We’re kicking off 2024 with a rocking campaign to protect our home waters in New Smyrna Beach, FL. Once the most diverse estuary in North America, the Indian River Lagoon has suffered setbacks from algae blooms, nutrient-laden runoff and seagrass loss.
We’ve partnered with the Marine Discovery Center of New Smyrna Beach and their army of volunteers to help advocate for the protection and restoration of our backyard fishing grounds, and will fund the efforts with the sale of our IRL Camp Cup Collection. Featuring original artwork from tattooist Casey Anderson of four of the most popular maritime locals (bull shark, loggerhead turtle, squirrel tree frog and blue crab), these enamel metal cups are perfect for hosting a grain-based liquid, dirt-filled kitchen garden or hot cocoa-based child smile.
So check out the Camp Cups For A Cause, and find a way to fill with them something that will contribute positively to your local attitude, all while helping protect the Indian River Lagoon.
Learn More About the Cause
Ten years ago, the Indian River Lagoon was the most diverse estuary in North America with massive seagrass meadows and epic snook, seatrout and redfish Populations. These days, the IRL looks more like a moonscape. Massive algae blooms, nutrient-laden runoff and the loss of the majority of seagrasses has turned this fishing mecca from a saltwater playground to a milky colored desert.
We picked the Marine Discovery Center in New Smyrna Beach because of their longstanding commitment to the local water lovers and the Indian River Lagoon. With events like Lagoonacy, their annual fundraiser that features a homemade raft race, mermaids and countless other ways to get your feet wet, they just fit into our roll up and save the world lifestyle.
“We utilize a hands-on, feet-wet nature based educational systems to teach how to become good stewards of the environment and the natural world around us,” said Chad Truxall, Executive Director of the MDC. “The center provides opportunities to become personally involved in restoration and sustainability activities like oyster shell recycling, shoreline restoration, water quality testing, invasive plant eradication and seagrass and marine life surveys.”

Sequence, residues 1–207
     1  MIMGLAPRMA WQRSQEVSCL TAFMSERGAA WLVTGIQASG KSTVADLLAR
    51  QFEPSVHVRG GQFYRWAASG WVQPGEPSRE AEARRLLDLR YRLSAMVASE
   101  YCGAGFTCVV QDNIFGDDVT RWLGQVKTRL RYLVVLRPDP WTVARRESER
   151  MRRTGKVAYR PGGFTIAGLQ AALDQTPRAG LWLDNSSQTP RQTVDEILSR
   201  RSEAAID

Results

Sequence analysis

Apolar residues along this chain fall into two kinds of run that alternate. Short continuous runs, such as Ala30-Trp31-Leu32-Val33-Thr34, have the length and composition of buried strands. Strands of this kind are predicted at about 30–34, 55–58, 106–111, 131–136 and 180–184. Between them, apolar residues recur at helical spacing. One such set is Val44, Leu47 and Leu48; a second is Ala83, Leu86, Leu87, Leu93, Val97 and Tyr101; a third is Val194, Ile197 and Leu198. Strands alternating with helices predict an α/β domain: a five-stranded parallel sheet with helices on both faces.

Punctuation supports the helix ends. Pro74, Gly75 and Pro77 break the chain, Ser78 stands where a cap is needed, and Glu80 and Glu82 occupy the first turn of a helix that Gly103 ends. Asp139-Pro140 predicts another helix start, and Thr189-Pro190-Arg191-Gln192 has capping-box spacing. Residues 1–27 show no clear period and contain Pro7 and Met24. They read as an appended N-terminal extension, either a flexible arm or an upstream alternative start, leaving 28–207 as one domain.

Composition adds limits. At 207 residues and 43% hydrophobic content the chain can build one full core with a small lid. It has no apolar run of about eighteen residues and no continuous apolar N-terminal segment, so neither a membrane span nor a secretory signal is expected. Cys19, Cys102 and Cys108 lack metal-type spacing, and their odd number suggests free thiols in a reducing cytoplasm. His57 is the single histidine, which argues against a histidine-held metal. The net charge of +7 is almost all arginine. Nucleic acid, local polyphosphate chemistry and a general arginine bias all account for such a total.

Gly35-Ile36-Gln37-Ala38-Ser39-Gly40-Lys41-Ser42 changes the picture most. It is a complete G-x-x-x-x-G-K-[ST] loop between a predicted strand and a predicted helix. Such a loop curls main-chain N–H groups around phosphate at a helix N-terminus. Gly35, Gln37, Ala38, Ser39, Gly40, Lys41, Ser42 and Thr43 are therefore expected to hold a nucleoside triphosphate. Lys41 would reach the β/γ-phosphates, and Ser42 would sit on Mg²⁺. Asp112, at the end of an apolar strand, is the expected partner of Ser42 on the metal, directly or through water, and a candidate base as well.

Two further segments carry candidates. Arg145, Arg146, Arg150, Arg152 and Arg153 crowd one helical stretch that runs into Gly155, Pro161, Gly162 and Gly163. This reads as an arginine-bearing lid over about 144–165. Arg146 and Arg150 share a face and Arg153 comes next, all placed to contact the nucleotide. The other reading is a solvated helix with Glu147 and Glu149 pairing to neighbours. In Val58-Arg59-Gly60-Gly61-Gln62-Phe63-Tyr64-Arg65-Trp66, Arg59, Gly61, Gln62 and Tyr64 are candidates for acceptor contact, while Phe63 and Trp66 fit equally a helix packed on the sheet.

The MDC has an army of volunteers, but what they don’t have is cash. So we’re going to help bankroll some of their projects by picking a quartet of our favorite Indian River locals and having our in-house tattoo artist/fishing guide design some groovy enamel metal camp cups around them. We’ll sell the cups and donate a portion of the proceeds to the MDC.
During the filming of his latest episode of Fishing With Jay, our in-house frat boy chased the hometown shark population and developed a legit fear of the testosterone-charged bull sharks which were just as willing to eat his hooked fish as they were to bite-test the keel of his boat. Thus the first cup has a bull shark on it so you can fill it with something that will bite back!
Cup two has a loggerhead turtle, the big-headed, hard-shelled, flipper-footed Labrador of the reef and a species that gets as much time on social media as a small legal firm. But let a nest of baby loggerheds hatch on a busy day, and the dune to beach trail will be bordered with hundreds of people cheering their marathon efforts to make it to sea.
For those mornings you wake up feeling crabby, we’ve got the cupitude to go with your mood. From shedding it shell to cleaning the bottom, the blue crab is one of the most self-sustaining crustaceans in the Indian River Lagoon, doing double-duty as a redfish, snook or tarpon hors d’ oeuvre.
Last of the camp cup crew is the squirrel tree frog. I know, “the what?” You know those baby frogs that seem to always be hitching a ride on your boat or tow vehicle? Well, they’re not babies, they full-grown suction-toed miniature frogs that are preyed upon by everything from a heron or bigger frog to a gust of wind.
So check out the Camp Cups For A Cause, and find a way to fill with them something that will contribute positively to your local attitude. Whether that’s a grain-based liquid, dirt-filled kitchen garden or cocoa-based child smile. All while making the MDC and the Indian River Lagoon just a little more ire’.